As @Gilles said, that BST is something that is output upon
date +%Z, to tell users that it's a British Summer Time date (so GMT+1) not something that defines a timezone, not something that you can use for
That BST is significant to British users. When a British user sees
14:00 BST, they know the timestamp refers to 14:00 summer time in mainland Britain (so 13:00 UTC). The use of those 3-4 letter codes is widespread in Britain, the US and some other English speaking countries, so show up in the default output of
date there (in
en_GB.UTF-8 locales for instance). On the other hand, most French users will have no idea what
14:00 CEST means (even though
CEST refers to Central European Summer Time, the GMT+2 that applies in summer in France), so you'd notice that when dates specify the time zone, they rather include the UTC offset than
CEST there (like
mardi 2 mai 2017, 13:34:09 (UTC+0200)).
$TZ variable is not meant to contain those 3-4 letter codes. It contains something that defines/specifies the timezone, the region you're in. Applications use it to know the offset with UTC at any point in time, when to switch between Winter and Summer time and what the code (if any) for the Winter and Summer time would be displayed to the user (for those users for whom it's significant).
For that, you can either set
TZ to some system-defined timezone specification. Like
TZ=:Europe/London (though many systems also accept
TZ=Europe/London as well), or have
TZ contain the full rules (though those rules are limited).
For instance, If I use
TZ=:Europe/London on my system, then the rules will be read from
That file will specify for instance that since 1996, the offset from UTC is 0 from the last Sunday in October at 2am UTC to the last Sunday in March (with name GMT for "Greenwich Mean Time") and 1 other wise (with name BST for "British Summer Time"), while for 1970 (0 Unix time) to 1972, it was 1 all year round with name BST for "British Standard Time".
You can see already that it makes no sense to use BST as a timezone specification. First, it has meant different things at different points in time, and even if we only consider the current epoch, it's only a code for the summer time, so can't be used to as a timezone specification for the whole year.
Now, you can also have
TZ contain the full rules. For instance for the "British Standard (not Summer) Time" of the early 70s, you can use the simplest form of specification:
That specifies a timezone that is always 1 hour East of UTC and for which
date +%Z always returns
BST. That timezone is correct for mainland Britain for the early 70s and for summer time since 1972, but not for Winter time since 1972 (and we can't tell for the future).
Or you can use the full specification for the current rules:
That says that there are two periods in the year, one for which the name is GMT with offset 0, and one BST with offset 1 (implied as 0+1 above when not specified), where the switch from one to the other is on the last (5) Sunday (0) of March (3) at 1:00:00 UTC and back on the last sunday of October at 2:00.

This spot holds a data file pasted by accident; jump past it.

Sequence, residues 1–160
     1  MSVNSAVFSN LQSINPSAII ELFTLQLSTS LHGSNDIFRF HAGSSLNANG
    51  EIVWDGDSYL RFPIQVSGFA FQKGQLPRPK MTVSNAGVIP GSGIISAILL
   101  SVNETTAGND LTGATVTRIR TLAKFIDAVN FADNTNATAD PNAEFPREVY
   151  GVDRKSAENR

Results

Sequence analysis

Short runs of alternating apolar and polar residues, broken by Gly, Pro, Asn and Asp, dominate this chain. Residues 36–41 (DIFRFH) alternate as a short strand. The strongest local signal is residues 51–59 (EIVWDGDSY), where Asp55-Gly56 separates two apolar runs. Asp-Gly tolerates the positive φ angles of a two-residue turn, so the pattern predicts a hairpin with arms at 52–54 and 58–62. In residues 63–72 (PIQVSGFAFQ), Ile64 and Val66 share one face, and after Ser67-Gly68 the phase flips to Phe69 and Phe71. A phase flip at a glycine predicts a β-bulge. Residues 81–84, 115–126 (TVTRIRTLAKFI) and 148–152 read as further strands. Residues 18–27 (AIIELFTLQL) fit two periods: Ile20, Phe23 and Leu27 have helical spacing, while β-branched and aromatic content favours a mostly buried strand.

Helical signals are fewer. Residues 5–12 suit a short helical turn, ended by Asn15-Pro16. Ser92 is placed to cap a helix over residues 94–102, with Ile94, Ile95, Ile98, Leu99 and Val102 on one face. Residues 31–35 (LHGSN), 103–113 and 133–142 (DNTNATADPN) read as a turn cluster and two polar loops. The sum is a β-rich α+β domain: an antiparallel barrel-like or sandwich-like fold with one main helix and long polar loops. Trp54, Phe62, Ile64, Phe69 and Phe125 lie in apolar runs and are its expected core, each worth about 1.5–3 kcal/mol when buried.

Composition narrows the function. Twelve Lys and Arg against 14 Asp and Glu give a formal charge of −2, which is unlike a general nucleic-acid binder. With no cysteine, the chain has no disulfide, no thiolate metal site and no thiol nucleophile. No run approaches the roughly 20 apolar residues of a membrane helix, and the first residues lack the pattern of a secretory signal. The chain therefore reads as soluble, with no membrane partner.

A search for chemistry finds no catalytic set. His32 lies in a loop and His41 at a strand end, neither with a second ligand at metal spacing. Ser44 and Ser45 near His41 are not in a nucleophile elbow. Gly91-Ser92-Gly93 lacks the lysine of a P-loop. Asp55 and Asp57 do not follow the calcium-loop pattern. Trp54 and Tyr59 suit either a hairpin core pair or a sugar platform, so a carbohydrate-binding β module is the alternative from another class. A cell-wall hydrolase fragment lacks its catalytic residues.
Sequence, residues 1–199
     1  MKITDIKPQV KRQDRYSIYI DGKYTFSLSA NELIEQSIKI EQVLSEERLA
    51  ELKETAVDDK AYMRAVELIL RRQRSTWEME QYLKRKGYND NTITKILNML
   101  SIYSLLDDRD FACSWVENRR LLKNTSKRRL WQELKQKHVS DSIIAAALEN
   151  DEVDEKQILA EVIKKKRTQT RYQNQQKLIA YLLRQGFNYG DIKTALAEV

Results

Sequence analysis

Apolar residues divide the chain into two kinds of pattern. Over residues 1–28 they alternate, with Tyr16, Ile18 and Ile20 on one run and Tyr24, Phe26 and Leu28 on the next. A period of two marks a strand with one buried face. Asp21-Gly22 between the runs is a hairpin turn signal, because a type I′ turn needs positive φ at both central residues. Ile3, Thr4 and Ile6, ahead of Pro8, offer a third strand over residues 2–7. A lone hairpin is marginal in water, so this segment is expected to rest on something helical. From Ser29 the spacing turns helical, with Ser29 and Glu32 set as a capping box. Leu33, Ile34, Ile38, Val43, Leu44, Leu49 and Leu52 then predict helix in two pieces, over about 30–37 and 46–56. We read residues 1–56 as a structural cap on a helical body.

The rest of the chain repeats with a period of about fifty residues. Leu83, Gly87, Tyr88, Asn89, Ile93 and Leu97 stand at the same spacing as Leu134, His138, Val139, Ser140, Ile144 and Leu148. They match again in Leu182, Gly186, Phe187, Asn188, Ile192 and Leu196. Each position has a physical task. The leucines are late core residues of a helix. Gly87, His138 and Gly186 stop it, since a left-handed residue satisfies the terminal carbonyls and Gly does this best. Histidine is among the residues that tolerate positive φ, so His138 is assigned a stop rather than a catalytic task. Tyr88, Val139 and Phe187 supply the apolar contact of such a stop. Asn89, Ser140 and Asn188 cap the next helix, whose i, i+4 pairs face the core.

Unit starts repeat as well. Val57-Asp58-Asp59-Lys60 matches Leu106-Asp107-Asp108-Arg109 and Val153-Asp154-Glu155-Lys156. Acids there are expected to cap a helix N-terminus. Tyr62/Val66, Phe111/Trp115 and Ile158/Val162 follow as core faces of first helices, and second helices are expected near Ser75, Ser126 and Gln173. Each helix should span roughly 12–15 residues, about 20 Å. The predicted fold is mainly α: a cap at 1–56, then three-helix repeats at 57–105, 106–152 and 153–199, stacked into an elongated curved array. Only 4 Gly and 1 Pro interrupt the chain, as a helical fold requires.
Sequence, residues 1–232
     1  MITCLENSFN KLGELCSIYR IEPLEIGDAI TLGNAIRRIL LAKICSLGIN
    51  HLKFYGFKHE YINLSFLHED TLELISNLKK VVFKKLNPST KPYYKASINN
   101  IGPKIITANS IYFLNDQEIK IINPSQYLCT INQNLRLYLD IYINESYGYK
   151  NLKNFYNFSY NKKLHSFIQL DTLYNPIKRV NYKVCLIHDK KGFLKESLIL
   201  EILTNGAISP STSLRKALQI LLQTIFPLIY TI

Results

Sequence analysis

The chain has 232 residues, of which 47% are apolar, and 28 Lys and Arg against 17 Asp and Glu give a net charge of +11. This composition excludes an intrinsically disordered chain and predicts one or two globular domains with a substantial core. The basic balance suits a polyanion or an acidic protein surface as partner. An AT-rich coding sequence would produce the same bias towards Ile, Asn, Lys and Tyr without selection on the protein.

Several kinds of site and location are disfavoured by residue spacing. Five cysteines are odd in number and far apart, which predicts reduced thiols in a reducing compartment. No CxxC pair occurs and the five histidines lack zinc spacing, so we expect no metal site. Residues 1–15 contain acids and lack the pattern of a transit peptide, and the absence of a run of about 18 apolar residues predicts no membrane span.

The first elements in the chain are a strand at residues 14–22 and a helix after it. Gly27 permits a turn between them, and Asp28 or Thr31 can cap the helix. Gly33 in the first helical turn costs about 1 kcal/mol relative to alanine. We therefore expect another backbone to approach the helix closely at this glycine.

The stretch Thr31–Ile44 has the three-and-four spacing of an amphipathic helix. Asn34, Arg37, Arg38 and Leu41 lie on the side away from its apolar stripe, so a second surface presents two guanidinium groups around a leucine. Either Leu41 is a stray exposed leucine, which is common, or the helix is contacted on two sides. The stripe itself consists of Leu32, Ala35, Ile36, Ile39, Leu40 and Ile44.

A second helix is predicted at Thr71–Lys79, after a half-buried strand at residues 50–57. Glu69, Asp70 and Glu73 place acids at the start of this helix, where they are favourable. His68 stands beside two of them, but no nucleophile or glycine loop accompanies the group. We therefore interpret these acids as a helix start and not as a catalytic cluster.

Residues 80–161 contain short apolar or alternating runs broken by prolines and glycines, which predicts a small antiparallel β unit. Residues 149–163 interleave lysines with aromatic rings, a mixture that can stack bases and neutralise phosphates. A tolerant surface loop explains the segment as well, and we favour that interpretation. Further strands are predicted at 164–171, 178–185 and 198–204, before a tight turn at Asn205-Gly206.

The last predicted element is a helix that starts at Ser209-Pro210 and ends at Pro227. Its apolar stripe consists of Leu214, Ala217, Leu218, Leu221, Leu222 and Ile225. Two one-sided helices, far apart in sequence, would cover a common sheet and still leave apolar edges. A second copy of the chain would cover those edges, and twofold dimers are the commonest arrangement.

Again, that TZ works from 1996 to now, but not necessarily otherwise. For instance, for 1970-01-01 00:00:00 UTC (0 Unix epoch time, when the local time was 1:00:00 BST (British Standard Time) in London):
$ TZ=:Europe/London date -d @0
Thu 1 Jan 01:00:00 BST 1970
$ TZ=GMT0BST,M3.5.0/1:00:00,M10.5.0/2:00:00 date -d @0
Thu 1 Jan 00:00:00 GMT 1970
Per POSIX, the behaviour for
TZ=BST-1 is well defined (as described above)
TZ=Europe/London) is unspecified.
TZ=:Europe/London is implementation defined. That is systems are meant to support it and document what that does though POSIX doesn't tell us what's that done.
In the third case above, on GNU systems (and I believe most other Unix-like systems), when
TZ starts with a
:, what followed is taken as a path to a timezone definition file. In the case of GNU system, that's the case as well when
: is omitted (even if the value forms a valid timezone specification like
UTC0, but generally there shouldn't exist such files, though I can see some exceptions on my system which makes it a non-POSIX system (for instance
TZ=CST6CDT date -d 1943-01-01 +%Z outputs
CWT instead of
CST because there's a
/usr/share/zoneinfo/CST6CDT file1 that defines a war time for that period)).
That path is generally a relative path, in which case it's relative to
$TZDIR (or some default like
$TZDIR is unset as is generally the case). For security reasons,
$TZDIR, absolute path or relative paths with
.. components are ignored in privilege escalation contexts (like in setuid contexts).
So typically, on a GNU system, a
TZ=:BST, same as
TZ=BST will typically look for a
/usr/share/zoneinfo/BST file. If not found (as would be the case, as
BST can't possibly identify a timezone definition), it will typically assume UTC time and a timezone name (as in
date +%Z output) of
MET... are remnants from another time. In late 1993, the TZ database (as now maintained by IANA) changed from using adhoc (and most often ambiguous) names (like
Area/City where the city is the most populated city (at the time of release) where the zone applies (Area being large areas like continent/ocean). For mainland Britain, where you used to use
GB-Eire (not WET), you now (since 1993) use
WET) are still available for backward compatibility (
GB-Eire now links to
WET is defined as a Zone using UTC in Winter and the EU Rules for DST (Britain has only been following the EU rules since 1996 and with the UK now leaving the EU, nobody can say what the future holds)) but should not be used now in new deployments.